"Novelist Alberto Moravia once described Pasolini as a “civil” poet, by which he meant “a poet who sees his native land in a way that the powerful of the country do not and cannot see it.” Fittingly, the director appears in this film as a disciple of Giotto, arriving to a small town to paint a fresco alongside dozens of rural men, a pointed statement that art production was and must remain a civic endeavor. "
Though Disney wouldn’t live to see it, he was granted his Reedy Creek Improvement District, which is still “governed” by a supervisory board “elected” by the landowners—i.e., the Walt Disney Company. As described by a former head executive, Reedy Creek “gave us all the powers of the two counties in which we sit to the exclusion of their exercising any powers, and of course it let us issue bonds. We could do anything the city or county could do. The only powers that still reside on us from outside are the taxing power of Orange County, the sales tax of the state, and the inspection of elevators.”
Reedy Creek handles its own planning and zoning. It lays out roads and sewer lines, licenses the sale of alcoholic beverages. Building codes? Psh, Reedy Creek employs the building inspectors. It employs its own fire department. Contracts its own eight-hundred-member security force. Technically, it is within Disney’s rights to build an airport and a nuclear power plant within the Improvement District, if Disney so desires.
But that about the whole utopian city thing? The enticement that ultimately sealed the deal for the people of Florida? It was all a ruse. The Experimental Prototype Community of Tomorrow was just another theme park. And though more than fifty-five thousand people work in the Reedy Creek Improvement District by day; and though more than a hundred thousand patronize its stand-alone restaurants, clubs, and theaters every night—Reedy Creek retains a permanent population of about fifty. Most of whom are company executives or their family members.
Walt Disney demanded and received the powers of a democratically elected government, and his corporation ducked the botheration of, you know, constituents. Constituents who might challenge Disney’s top-down plans or even vote them out of power. The constitutionality of this arrangement has never been challenged. I suppose this proves no one minds the arrangement all that much. But I tend to think otherwise. I think it proves that the people of Florida are no different from patsies across time and space: too ashamed to admit when we’ve been had.
“By turning the state of Florida and its statutes into their enablers,” T. D. Allman writes, “Disney and his successors pioneered a business model based on public subsidy of private profit coupled with corporate immunity from the laws, regulations, and taxes imposed on people that now increasingly characterizes the economy of the United States.”
So, huh. I guess Disney did get his “showcase for free enterprise” and his utopia both, in the end.
Again, ask yourselves: Did you know that a Google doc you created can be deleted with no warning or explanation by Google? If the hydroxychloroquine white paper was so dangerous it had to be voided out of existence, shouldn’t Google educate the public about that danger—and take ownership of whatever process they used to make their determination? Does Google conduct its own research studies and clinical trials? Is Google an arm of the U.S. government with the power to censor speech, and on what laws does it base this authority?
Genre fiction is any story created to explicitly appeal to fans of existing stories. It often refers to sci-fi, fantasy, noir, and westerns, but also includes novels about novelists struggling to write novels. Literature designates quality, while genre describes technique, and the two do not have to be contrasted, as proven by works of literary genre such as John Williams’s Butcher’s Crossing or Kazuo Ishiguro’s Never Let Me Go. Genre is defined by its reliance on tropes or themes that lie outside the story, and so it must obey rules, and expects the audience to be familiar with other stories from the genre. A superhero story must contain a superhero, and a space epic assumes space travel makes sense. This is why genre has difficulty becoming literature, and terrible genre always feels like a pedant checking off boxes: looming prophecy, evil empire, lovable rogue. Genre is the storytelling technique of the managerial class because its rule-abiding nature resembles a bureaucracy, and part of the reason members of this professional class seem increasingly out of touch is because they tell genre stories which expect the audience to accept recycled tropes.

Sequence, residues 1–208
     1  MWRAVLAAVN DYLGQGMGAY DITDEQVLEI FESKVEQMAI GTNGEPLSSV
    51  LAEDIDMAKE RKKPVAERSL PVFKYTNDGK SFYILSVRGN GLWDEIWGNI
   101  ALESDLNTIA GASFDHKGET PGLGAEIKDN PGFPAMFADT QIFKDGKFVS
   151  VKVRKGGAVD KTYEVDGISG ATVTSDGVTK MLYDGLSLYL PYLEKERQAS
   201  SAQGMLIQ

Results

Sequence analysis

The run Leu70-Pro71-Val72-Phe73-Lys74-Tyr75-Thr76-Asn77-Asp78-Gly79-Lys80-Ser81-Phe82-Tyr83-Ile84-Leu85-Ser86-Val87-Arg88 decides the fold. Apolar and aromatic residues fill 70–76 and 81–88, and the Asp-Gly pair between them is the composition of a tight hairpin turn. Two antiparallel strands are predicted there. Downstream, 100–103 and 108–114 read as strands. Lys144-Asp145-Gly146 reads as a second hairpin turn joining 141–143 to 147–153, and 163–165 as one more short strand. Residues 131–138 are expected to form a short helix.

The professional class tells a variety of genre stories about their jobs: TED Talker, “entrepreneur,” “innovator,” “doing well by doing good.” One of the most popular today is corporate feminism. This familiar story is about a young woman who lands a prestigious job in Manhattan, where she guns for the corner office while also fulfilling her trendy Sex and the City dreams. Her day-in, day-out life is blessed by the mothers and grandmothers who fought for equality—with the ghost of Susan B. Anthony lingering Mufasa-like over America’s cubicles. Yet, like other corporate genre stories, girl-boss feminism is a celebration of bureaucratic life, including its hierarchy. Isn’t that weird?
Today, however, there is an increasing number of scholars who pronounce the sublime dead. These theorists, such as James Elkins, hold that it is a historically antiquated concept, an outdated relic of Western culture. The sublime, they say, is irredeemably bound by its rootedness in 18th- and 19th-century Western thought, in Romanticism. It’s as useful as the concept of, say, phlogiston or aether.
I disagree. I don’t think that we are at risk of no longer feeling the sublime, of becoming like the sea-watchers in the Robert Frost poem who ‘cannot look out far’ and ‘cannot look in deep’. And I don’t think that the sublime is somehow becoming useless or irrelevant. But by taking a closer look at the criticisms levelled against the concept, we will be able to gain a greater understanding of this bizarre and deeply human emotional experience.
Progressive reformers thus were about nothing if not channeling potentially explosive energies into conventionally productive practices. The question arises: How does one express this relationship between vitality and containment, control and release? We can reject duality at the outset, and other, more appropriate words quickly come to mind—dialectics, ambivalence, coexistence, blending and merging. The two entities become one, but not quite. There is still room, as Simone Weil observed in her penetrating exploration of human consciousness, for “a sort of dialogue between the continuous and the discontinuous”—between computation and continuity, numbers and flow. But the dialogue can turn into territorial warfare.15